Chatbots are now a ubiquitous part of daily life. Amazon’s Alexa, Apple’s Siri, Microsoft’s Cortana — these are all voice-based chatbots that you’ve probably already interacted with. These chatbots store information about your habits and preferences, helping remind you of a doctor’s appointment or to pick up some milk from the grocery store.
The Role of Chatbots in Customer Service
Outside of the realm of personal assistance, chatbots have a strong presence within customer service. Think about the last time you visited a website or a Facebook business page for travel, clothing, or a new product — did a pop-up appear asking if you need any help? Many businesses have embedded chatbots within their platforms to ask potential customers if they have any questions that can be answered and to convert potential customers into paying customers.
Chatbots provide a unique opportunity to not only encourage engagement with new customers but to simultaneously reduce the burden of labor on existing customer service teams. Chatbots should not necessarily replace customer service teams; rather, they should be implemented together. It is also important to note that chatbots are often a preferred way for customers to reach out to businesses at their own convenience. Twilio reported that almost 90% of customers prefer using messaging systems.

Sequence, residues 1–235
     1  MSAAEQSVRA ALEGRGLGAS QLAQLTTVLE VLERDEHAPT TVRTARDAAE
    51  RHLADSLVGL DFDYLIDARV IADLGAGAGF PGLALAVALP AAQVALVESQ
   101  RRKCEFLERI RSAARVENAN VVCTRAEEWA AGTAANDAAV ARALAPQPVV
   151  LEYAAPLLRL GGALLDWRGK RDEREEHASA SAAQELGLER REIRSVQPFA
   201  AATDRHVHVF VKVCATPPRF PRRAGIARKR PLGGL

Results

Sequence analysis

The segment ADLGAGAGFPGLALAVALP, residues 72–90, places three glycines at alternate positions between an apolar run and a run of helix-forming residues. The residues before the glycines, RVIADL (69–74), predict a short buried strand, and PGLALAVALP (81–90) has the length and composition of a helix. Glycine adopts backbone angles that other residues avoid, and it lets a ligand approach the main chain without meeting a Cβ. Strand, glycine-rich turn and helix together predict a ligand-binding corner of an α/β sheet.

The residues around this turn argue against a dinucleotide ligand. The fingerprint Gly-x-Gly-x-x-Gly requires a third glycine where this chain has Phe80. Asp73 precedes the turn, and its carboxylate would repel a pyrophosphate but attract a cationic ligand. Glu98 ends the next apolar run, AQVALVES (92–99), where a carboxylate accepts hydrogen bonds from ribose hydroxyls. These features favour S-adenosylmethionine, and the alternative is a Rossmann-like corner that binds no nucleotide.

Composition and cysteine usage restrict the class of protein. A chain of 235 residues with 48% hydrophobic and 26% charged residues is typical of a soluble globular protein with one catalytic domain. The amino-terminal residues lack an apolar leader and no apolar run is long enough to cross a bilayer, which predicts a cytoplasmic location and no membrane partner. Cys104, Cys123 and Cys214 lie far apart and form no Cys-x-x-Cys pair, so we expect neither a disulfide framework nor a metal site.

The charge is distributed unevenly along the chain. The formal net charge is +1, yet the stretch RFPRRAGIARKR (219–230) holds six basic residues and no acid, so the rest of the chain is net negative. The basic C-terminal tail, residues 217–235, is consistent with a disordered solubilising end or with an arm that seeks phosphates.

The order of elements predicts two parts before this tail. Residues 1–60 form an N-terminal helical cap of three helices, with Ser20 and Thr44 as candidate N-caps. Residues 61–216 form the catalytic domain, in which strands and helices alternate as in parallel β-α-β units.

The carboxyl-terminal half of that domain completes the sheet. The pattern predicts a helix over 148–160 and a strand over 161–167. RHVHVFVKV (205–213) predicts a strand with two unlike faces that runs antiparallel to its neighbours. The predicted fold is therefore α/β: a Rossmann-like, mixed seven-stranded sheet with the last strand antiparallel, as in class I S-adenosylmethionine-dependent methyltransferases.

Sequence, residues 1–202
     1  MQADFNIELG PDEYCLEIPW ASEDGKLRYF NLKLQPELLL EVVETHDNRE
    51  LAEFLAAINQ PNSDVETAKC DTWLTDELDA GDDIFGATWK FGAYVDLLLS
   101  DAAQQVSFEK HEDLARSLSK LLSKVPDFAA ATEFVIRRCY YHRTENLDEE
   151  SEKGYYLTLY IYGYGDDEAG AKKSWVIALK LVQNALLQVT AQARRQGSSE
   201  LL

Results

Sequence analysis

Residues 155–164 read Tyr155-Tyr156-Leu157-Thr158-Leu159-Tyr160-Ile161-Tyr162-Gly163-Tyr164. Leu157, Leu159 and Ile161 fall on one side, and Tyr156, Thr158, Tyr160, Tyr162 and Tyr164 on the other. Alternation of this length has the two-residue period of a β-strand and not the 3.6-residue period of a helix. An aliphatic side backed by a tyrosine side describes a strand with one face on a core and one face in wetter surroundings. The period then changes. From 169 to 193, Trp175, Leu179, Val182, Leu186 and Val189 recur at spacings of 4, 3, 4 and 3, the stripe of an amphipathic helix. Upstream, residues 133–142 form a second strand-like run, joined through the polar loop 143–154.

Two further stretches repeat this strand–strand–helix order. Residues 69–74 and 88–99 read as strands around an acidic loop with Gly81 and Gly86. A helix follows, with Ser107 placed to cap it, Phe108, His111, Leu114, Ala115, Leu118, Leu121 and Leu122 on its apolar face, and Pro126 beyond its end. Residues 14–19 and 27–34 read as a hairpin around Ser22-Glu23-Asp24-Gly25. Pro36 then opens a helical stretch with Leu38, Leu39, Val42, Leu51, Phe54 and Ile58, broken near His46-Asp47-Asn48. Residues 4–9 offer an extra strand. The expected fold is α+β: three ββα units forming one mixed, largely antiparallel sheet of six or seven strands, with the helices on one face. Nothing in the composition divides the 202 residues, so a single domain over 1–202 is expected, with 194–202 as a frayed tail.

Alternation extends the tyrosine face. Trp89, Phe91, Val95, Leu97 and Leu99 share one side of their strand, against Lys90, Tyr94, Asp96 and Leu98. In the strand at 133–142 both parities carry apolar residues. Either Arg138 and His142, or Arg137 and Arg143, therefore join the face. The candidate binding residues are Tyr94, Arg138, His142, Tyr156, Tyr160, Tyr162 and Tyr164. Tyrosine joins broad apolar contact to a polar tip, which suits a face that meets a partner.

Chatbots can handle introductory service-related questions around billing, product information, subscription plans and appointment scheduling, among others. Challenging and complex questions, as well as dissatisfied customers, can be routed to the human customer service team.
Chatbots come in many different formats. Some are rule-based, following a strict pattern that walks the user through a pre-determined path to a response. Others are more conversational, leveraging artificial intelligence (AI) and stronger natural language processing and machine learning capabilities, which allows the user to write in questions and the chatbot to identify the intent behind the question before matching it with or formulating an appropriate response.